Granny Smith (1799-1870) lived only a couple of years after discovering some sports from a discarded French crab apple in her garden in Sydney. It was cultivated by local orchardists for the next twenty years, and in the 1890s was taken up by a wider public.

I have to disagree with TAFKAH above: it is the perfect snacking apple... provided that it is crisp and sharp; and alas it all too often isn't. A floury Granny Smith is a travesty of what it should be. I resent seeing the supermarkets full of Pink Lady apples airfreighted in from New Zealand, or Washington state, when I live so close to Kent, the garden of England. Why don't we get more English varieties on English shelves? It's one of the few fruits we can do well. But Granny Smiths all the way from South Africa: fine by me! Wherever they come from, I'll have them. Yum.

Maria Ann Sherwood was born in Peasmarsh in Sussex in 1799, and married an agricultural labourer Thomas Smith. They, their five surviving children, and numerous other people from the Peasmarsh area emigrated to New South Wales in 1838 aboard the Lady Nugent, arriving in Sydney on 27 November. They worked until by 1855 they could afford to buy land of their own, in Eastwood, now part of the City of Ryde, one of Sydney's municipalities, but then an orcharding district. These days there is a Granny Smith Memorial Park to mark where the farm boundary was. Mrs Smith is possibly Eastwood's most famous inhabitant.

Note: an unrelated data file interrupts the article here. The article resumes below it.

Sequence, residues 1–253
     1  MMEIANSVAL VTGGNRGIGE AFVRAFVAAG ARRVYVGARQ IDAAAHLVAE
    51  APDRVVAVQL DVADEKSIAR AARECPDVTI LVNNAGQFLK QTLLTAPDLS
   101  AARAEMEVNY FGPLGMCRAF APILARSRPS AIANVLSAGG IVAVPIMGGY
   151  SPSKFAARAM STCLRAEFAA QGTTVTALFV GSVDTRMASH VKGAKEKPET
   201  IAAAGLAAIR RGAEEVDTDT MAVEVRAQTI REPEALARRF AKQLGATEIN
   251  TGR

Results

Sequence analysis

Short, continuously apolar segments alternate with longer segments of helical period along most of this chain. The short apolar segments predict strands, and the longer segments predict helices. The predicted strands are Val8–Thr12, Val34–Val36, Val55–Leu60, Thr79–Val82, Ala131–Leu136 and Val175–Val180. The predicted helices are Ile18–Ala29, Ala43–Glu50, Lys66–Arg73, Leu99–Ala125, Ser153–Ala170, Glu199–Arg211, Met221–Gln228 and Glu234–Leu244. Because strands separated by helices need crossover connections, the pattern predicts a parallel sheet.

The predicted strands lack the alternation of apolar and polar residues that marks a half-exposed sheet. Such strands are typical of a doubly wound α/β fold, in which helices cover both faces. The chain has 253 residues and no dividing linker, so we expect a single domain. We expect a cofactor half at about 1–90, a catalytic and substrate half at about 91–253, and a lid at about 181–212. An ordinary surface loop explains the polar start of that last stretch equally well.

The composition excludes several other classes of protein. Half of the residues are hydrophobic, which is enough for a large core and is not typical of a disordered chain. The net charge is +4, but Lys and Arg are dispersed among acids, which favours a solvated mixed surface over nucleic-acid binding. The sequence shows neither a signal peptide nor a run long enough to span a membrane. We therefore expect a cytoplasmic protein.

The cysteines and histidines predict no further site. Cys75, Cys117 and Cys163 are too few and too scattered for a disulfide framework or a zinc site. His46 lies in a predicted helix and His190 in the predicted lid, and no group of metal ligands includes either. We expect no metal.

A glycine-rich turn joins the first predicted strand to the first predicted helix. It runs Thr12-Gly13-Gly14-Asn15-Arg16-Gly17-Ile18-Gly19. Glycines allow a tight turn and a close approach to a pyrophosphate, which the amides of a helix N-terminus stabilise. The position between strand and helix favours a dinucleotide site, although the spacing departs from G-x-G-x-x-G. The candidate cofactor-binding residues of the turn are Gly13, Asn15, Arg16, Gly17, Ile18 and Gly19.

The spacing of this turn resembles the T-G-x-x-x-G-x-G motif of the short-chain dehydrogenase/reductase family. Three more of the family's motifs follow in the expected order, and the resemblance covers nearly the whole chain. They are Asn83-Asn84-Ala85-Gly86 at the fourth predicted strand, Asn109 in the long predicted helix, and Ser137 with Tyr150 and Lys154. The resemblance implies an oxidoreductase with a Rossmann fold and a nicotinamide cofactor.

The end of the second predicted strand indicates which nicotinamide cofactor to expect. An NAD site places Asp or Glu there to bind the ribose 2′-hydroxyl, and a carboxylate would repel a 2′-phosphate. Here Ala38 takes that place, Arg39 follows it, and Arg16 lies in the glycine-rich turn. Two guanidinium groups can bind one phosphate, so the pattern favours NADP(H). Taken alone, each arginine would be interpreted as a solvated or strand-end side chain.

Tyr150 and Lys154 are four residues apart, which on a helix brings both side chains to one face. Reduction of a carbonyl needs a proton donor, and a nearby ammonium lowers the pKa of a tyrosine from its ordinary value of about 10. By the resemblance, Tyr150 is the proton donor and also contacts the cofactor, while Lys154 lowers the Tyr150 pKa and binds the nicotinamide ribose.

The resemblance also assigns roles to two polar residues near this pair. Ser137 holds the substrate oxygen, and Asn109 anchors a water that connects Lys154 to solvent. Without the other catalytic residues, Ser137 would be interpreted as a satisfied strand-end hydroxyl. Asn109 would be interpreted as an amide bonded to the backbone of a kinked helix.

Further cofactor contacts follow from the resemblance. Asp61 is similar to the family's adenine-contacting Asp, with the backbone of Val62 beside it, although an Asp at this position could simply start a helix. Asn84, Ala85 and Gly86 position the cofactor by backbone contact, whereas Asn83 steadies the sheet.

In 1868 a local grower and his son, called Edwin Small, were asked by Maria Smith to identify a seedling apple variety she had found on her farm. Small was interviewed for an article in the Farmer and Settler in 1924, which is where this story of the famous apple's discovery was first recorded. Granny Smith died on 9 March 1870, her husband in 1876, and their two sons sold their blocks in 1880 and 1892.

In 1890 the variety known as Smith's seedlings was exhibited; under the name Granny Smith's seedlings it won a prize in 1891; and its fame began to spread. In 1895 the New South Wales government began to use it for large-scale cultivation and export.

There is an annual Granny Smith Festival in Ryde each October.

Most websites just take in each other's washing telling the basic story, but the definitive place to look is the City of Ryde's site at www.ryde.nsw.gov.au/ryde/msherwood.htm, which has a picture of the lady herself.

I was rather startled to find this in the Google results: "In November, the Granny Smith mine in Australia began processing...", and to then find it linked to wallaby production. But on closer inspection it's just a gold mine.